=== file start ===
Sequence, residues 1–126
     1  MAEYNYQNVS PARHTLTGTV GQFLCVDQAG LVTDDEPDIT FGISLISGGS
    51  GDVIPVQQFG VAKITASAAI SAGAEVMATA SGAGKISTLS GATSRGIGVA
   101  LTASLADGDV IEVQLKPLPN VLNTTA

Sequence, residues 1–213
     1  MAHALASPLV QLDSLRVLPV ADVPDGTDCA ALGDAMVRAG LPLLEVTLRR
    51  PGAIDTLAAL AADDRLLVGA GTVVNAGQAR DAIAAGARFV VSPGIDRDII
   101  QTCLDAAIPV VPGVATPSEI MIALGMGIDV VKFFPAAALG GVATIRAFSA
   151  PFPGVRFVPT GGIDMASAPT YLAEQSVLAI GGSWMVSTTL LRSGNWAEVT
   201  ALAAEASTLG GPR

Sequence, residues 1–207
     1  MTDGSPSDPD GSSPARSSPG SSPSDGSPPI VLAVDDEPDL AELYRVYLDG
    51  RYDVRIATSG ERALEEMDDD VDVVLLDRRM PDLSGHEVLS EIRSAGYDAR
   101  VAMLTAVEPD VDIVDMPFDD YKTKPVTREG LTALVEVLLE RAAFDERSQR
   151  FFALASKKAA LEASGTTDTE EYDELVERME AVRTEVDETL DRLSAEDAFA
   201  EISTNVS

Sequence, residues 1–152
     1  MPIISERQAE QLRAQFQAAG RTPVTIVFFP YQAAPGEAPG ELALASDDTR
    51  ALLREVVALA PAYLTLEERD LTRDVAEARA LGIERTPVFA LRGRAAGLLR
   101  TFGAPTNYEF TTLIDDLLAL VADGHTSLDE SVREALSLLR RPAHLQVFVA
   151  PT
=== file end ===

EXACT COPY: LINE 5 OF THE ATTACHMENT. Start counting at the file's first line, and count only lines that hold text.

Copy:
Sequence, residues 1–213